Monday, May 07, 2012

Oregon Wine, the Oregon Way... Seufert Winery

Not far off the Willamette Valley's main drag, more commonly known as State Route 99 West, you'll find the small town of Dayton, Oregon.  You'll never get lost in Dayton, Oregon.  That is to say, you may get lost and end up in Dayton, but if you're trying to get to Dayton and you make it there, you can't really get lost once you're there. It's like four blocks. The whole thing.

One of those four blocks (this may be a slight exaggeration) is home to a small production winery owned and operated, with some help, by Jim Seufert.

Seufert Winery got its start when Jim decided to walk away from a hot shot consulting gig and return to his home state where he could take his interest in wine to the next level.  Beginning in 2005, Jim took his first crack at crafting Pinot Noir as an apprentice at Coleman Vineyards. From that moment things started happening quickly and Jim found himself working with growers to further explore site variation in the Pinot Noirs he was drinking and now making.  Jim's belief (and one I agree with) is that Pinot Noir is an excellent canvas for the expression of place, or terroir.  Part of what makes Oregon Pinot special is that so much of Oregon comes through in it, and by that he means the places, and ultimately the people who are dedicated to the fruit they're growing.

Jim focuses on producing single vineyard expressions in his Pinot Noir.  In the 2009 releases Seufert Winery produced seven single vineyard Pinots, and not the usual suspects either. Some names you'll recognize, like Johan & Zenith Vineyards, but many are not household names. Jim's focused on working with sites that "make a statement" in the bottle and with growers who are doing everything they can to produce excellent fruit. What Jim has done, at least in the three Pinots we tried, is keep the alcohol levels down nice and low in this hot vintage and let the fruit show itself.

The Johan bottling is winning them tons of publicity and it's a very elegant bottle of Pinot Noir, but I was equally impressed with a vineyard I'd never heard of: the Vine Idyl Pinot.  Vine Idyl is a vineyard that Jim began working with in 2007 and it's owned and managed by Chuck Maggard, a gentleman who's nearing 80.  Chuck's site is at 750 feet and that elevation, coupled with his selection of Pommard clone, results in what the folks at Seufert describe as unusually small berries.  The color and flavor concentration produce wines with a real intensity and depth of flavor.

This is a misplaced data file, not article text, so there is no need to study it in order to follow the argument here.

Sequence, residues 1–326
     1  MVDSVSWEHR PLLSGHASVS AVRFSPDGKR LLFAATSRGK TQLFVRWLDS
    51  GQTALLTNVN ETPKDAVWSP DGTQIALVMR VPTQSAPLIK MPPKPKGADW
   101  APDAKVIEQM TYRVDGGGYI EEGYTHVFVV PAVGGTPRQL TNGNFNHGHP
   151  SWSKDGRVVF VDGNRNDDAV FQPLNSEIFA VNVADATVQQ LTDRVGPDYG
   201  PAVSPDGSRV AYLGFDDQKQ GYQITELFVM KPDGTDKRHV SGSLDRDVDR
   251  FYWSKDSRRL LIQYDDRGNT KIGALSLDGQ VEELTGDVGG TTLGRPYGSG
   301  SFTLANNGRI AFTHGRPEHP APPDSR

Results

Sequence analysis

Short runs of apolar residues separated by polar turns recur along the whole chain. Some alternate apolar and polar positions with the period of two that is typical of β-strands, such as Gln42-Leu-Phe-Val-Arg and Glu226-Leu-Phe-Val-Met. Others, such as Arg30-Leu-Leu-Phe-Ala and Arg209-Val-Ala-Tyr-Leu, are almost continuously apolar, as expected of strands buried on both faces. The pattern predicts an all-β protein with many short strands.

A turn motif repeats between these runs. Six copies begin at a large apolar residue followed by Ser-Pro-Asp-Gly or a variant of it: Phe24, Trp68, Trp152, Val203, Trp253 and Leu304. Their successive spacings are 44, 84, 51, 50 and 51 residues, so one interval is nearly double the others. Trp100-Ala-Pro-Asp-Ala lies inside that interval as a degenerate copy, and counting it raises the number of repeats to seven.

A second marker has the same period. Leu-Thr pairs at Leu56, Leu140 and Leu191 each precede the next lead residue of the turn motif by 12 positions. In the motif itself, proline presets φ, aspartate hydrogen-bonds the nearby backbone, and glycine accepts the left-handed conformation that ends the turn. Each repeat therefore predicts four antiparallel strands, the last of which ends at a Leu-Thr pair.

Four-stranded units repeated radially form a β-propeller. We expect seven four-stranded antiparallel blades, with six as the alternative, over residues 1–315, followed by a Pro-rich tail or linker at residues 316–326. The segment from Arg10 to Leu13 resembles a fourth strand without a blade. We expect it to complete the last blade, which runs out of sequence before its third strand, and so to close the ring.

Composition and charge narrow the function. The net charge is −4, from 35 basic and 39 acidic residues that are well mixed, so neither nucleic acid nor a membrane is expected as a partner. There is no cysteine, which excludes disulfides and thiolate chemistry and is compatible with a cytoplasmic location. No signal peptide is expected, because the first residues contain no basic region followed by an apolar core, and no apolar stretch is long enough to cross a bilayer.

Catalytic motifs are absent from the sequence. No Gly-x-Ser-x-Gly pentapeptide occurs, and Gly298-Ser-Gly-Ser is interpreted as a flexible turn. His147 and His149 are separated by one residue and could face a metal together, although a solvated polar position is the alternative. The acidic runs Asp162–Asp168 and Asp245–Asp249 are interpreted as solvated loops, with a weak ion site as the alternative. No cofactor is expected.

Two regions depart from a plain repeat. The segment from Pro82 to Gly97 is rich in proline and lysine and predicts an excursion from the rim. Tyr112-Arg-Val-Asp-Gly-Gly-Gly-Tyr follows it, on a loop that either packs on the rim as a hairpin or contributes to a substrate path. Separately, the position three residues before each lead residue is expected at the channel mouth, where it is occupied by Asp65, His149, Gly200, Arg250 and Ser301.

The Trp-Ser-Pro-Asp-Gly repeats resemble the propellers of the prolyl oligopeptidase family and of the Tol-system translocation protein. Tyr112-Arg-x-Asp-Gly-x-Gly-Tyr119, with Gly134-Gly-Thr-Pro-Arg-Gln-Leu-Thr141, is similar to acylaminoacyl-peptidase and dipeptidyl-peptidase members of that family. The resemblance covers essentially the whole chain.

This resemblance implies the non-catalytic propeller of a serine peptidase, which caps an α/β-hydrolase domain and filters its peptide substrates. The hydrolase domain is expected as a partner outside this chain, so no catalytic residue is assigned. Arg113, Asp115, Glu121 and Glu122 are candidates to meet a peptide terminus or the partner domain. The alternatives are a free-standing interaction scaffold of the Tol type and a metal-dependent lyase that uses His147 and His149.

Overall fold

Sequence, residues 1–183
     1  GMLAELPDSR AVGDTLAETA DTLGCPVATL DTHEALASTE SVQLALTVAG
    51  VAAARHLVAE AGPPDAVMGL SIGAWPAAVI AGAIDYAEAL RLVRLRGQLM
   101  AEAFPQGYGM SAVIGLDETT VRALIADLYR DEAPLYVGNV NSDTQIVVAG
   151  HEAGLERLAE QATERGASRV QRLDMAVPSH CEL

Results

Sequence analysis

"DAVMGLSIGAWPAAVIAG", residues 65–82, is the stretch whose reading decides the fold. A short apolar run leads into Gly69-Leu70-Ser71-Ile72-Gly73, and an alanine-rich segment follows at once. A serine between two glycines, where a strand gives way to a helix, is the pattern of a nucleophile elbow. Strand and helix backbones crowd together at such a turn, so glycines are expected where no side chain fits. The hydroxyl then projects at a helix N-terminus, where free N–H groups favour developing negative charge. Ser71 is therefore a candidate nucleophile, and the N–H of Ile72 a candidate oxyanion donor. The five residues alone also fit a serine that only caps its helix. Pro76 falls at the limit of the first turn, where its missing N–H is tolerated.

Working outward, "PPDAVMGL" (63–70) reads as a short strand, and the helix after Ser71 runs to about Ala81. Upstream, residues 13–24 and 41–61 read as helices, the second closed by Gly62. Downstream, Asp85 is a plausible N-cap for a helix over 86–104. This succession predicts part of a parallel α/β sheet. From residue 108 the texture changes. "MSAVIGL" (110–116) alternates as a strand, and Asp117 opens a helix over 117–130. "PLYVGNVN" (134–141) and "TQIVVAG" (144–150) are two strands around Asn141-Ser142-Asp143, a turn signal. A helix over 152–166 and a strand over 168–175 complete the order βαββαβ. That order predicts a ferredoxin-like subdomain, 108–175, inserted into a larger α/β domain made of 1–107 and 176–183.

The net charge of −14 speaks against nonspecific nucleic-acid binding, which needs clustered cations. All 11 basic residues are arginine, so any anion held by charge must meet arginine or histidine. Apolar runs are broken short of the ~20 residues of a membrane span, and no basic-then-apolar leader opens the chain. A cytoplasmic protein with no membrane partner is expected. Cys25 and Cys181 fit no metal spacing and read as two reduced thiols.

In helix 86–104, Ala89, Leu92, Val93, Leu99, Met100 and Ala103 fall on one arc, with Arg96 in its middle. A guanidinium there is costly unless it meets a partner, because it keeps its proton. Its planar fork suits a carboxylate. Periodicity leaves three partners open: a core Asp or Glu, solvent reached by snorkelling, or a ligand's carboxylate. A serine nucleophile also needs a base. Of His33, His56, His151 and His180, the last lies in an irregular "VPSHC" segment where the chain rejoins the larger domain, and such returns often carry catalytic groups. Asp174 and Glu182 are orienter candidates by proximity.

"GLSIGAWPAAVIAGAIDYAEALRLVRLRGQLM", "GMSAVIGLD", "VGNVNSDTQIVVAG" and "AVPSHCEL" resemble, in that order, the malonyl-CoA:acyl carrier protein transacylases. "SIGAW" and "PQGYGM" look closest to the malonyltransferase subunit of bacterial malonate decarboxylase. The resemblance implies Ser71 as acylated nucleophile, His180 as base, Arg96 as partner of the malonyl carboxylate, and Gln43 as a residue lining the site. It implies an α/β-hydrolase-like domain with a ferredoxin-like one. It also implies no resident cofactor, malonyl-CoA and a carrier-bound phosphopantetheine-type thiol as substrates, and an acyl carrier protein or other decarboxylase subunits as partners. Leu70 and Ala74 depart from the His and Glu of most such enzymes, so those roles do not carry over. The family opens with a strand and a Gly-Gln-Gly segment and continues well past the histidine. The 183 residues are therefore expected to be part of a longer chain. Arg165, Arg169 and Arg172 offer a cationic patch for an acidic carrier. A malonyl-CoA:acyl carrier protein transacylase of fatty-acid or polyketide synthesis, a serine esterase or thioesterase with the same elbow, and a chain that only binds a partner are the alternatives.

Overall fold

The 2009 Vine Idyl brings on aromas of concentrated bramble berries, signature Oregon in style along with earthen, clove and cinnamon aromatics. Where the wine particularly stands out is in the mouthfeel and balance; it's beautifully done. Elegance and finesse are written all over this wine as it delivers fresh fruit on the palate, with just a touch of that cinnamon making an appearance again.  There is a silken quality to the texture of this Pinot, if this makes sense; it just feels beautiful $30.

The 2009 Horse Leap vineyard is a horse of a different color in contrast to the Vine Idyl and the Johan, it's darker hued for one.  This is indeed a site specific Pinot with dark fruit and loads of earthy funk to the aromatics.  Oregon terroir is all over the nose of this wine.  A darker brooding mare in comparison to the other 2009s but this wine is still very pretty.  Ripe blackberries, dust and barrel spice round out the palate of this Pinot Noir from the far north end of the Willamette Valley. $30

The 2009 Johan is the darling Pinot of this year's release and it's garnering them some serious attention.  Travel and Leisure magazine named it one of 5 Willamette Valley wines you gotta go get. As elegant as the Vine Idyl, this wine is loaded with fresh bramble berries, cranberry and dried violet aromatics.  We see some of that amazing structure and mouthfeel that we found in the Vine Idyl as well.  A medley of bright red raspberries and blueberries and the wine finishes with a touch of eucalyptus. $30

The 2006 Reserve Pinot really shows Jim's range as a winemaker and Pinot handler. This reserve wine is a broad shouldered Pinot Noir. The oak is certainly a factor with aromatics, with ripe Italian plums, spices such as mace, cloves, and cedar alongside a palate of figs, the ripest round fruit, licorice and raisins.

These wines, as well as the 2007 Cuvee, show a real ability for Jim to approach each Pinot very differently. I was curious to know if, with all this variety, there is a style of wine that Seufert is aiming for. Jim said that, "house style or palate has been something we've talked about these last few weeks," but that he hasn't necessarily defined it himself. He has been getting feedback from colleagues within the Willamette Valley that a style is being noted; that the Seufert wines are being described as "pretty, floral" and there's notice being taken about that elegance that came through in some of the 2009s we tried.

For fans of Willamette Valley Pinot Noir and or nice guys, the Seufert story is one worth checking out for yourself.  You never know, just maybe you'll find yourself in Dayton listening to Spandau Ballet before too long.


Wonderful writeup! Here is link to an additional website with great info. about Dayton:

John Collins

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